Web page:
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Is content marketing really worth it? You publish an article, some people read it, maybe they like it, and then what? Do they volunteer to get tattoos of your logo on their foreheads? Do they open their wallets and let you take out as much as you want?
If you read enough blog posts or skim through enough ebooks, you’ll see an overly simplistic narrative everywhere you look: If you publish high-quality content, revenue will follow.
That sounds great, but the truth is more complicated.
What Marketers Get Wrong About the Value of Content
Content marketing can definitely be worth it, but perhaps it’s not meant to drive the hard ROI everyone expects. That’s because what we like to refer to as lead generation, one of the oft-mentioned goals of content marketing, is a little broken.
“Leads” are misleading, mostly because a content download itself isn’t a lead. Just because someone fills out a form and grabs your report doesn’t mean they’re going to buy your product now or ever. Speaking of which, don’t believe the hype around email nurturing. From my experience, the chances of a prospect ultimately setting up a meeting after exposure to email nurturing are quite slim.
Don’t get me wrong—at GumGum, we generate thousands of downloads each month, and it’s comforting to use that number as a proxy for the success of our content marketing programs. But we also go further by analyzing sales opportunities, ROI, and lifetime value.
And there’s another way to assess the value of your content marketing. Based on what I’ve seen, content marketing’s real strength lies in brand lift and changes in brand attitudes. Companies can use content to change the way people perceive them.
It doesn’t have to be overly complicated, either, but the rhetoric surrounding content marketing ROI has just gotten too unrealistic. According to Content Marketing Institute’s 2016 Benchmarks report, 55 percent of marketers are unsure what content marketing success even looks like. That’s a staggering figure considering that billions of dollars in marketing budgets are at stake.
So what’s causing this disconnect? My guess is unrealistic expectations. Many marketers struggle to set up the right goals and processes before they start publishing. Then, when there aren’t enough sales opportunities to satisfy the execs, there’s a mad scramble to figure out what went wrong. At that point, it’s already too late; your content was destined to fail.
Why Your Content Still Matters
The process of converting a customer requires patience. You have to build a relationship and earn trust instead of immediately asking for an email address, phone number, job title, or any other personal info that corporations to try to get from consumers.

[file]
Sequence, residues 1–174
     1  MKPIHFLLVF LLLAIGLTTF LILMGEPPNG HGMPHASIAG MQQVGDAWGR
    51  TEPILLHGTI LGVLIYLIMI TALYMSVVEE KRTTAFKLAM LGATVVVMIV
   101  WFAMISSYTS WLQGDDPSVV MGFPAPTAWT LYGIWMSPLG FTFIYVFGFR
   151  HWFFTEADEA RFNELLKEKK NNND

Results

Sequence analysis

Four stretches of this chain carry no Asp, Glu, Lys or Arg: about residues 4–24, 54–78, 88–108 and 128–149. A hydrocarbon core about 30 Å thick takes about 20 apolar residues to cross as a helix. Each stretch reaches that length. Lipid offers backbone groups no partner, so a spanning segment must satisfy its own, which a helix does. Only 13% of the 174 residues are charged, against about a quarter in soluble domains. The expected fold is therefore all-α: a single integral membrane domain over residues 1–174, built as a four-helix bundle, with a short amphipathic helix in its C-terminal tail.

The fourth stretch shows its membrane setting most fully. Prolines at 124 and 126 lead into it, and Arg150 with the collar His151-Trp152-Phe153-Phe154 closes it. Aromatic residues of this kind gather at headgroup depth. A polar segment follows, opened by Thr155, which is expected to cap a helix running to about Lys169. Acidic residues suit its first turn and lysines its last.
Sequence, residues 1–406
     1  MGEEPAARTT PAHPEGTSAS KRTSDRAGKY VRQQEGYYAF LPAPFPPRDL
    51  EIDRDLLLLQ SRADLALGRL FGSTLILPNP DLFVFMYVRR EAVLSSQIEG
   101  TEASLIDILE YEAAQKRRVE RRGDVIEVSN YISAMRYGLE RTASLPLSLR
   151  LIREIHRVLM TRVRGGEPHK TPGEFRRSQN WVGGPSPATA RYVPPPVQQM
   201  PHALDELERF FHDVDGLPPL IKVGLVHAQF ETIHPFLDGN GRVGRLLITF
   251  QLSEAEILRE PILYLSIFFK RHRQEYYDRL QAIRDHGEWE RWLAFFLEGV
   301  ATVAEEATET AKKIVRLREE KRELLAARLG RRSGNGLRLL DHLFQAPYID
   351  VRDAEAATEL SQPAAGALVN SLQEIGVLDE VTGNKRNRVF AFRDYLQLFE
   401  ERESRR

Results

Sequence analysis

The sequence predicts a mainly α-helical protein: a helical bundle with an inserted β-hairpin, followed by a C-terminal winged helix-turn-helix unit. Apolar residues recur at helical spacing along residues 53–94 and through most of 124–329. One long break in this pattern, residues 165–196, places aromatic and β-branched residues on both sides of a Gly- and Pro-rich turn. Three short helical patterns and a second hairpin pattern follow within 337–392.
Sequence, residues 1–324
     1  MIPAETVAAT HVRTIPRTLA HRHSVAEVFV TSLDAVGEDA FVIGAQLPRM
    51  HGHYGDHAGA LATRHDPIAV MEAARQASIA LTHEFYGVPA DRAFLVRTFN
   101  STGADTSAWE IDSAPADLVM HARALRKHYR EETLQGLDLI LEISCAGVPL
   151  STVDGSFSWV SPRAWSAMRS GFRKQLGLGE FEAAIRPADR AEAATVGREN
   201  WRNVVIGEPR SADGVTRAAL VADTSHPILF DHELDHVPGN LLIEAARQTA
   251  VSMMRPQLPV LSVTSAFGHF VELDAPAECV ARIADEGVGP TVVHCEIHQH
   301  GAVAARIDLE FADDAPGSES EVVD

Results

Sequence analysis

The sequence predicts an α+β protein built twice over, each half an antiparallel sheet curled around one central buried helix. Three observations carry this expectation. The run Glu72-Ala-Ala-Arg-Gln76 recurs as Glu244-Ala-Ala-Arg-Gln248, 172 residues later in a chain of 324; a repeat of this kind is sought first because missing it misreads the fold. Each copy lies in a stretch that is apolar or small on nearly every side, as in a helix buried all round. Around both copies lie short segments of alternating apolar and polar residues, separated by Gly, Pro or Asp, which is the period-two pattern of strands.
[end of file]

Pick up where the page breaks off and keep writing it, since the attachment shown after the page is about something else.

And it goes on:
In a recent GumGum survey of 33 marketers, every respondent said that content helps change the brand perception of the brand producing it. Additionally, before making a purchasing decision, more than 75 percent looked at at least five pieces of content, while more than 40 percent looked at 10 or more.
This isn’t to say that leads, downloads, and dollars are unimportant, but they’re factors that we should be looking at down the line. It takes months, if not years, for companies to translate content into sales opportunities. Brand perception is impacted the most in the short run, which is more intangible than the hard metrics we’re used to measuring. Sure, marketers can gauge lift by conducting surveys, but softer metrics such as feedback from sales are also helpful.
For example, at GumGum, we’ve created some initiatives for sales to report feedback from prospects and clients on our content. Having client quotes that support the quality of our content is sometimes more powerful than hard numbers.
No matter how you measure its impact, quality content still matters. In our survey, respondents indicated that brands that don’t produce good content are “out of touch,” “slimy,” “dated,” and “lost.” If you create helpful content, however, people will think you’re knowledgeable. If you create enough helpful content, they’ll value you as a resource and respect your brand. If they repeatedly come to you as a resource and have a need for your product, then they’ll think of you before your competitors. We like to over-complicate things, but it could be that simple.
In other words, content marketing is worth it, as long as you know what to expect. (highlight to tweet)
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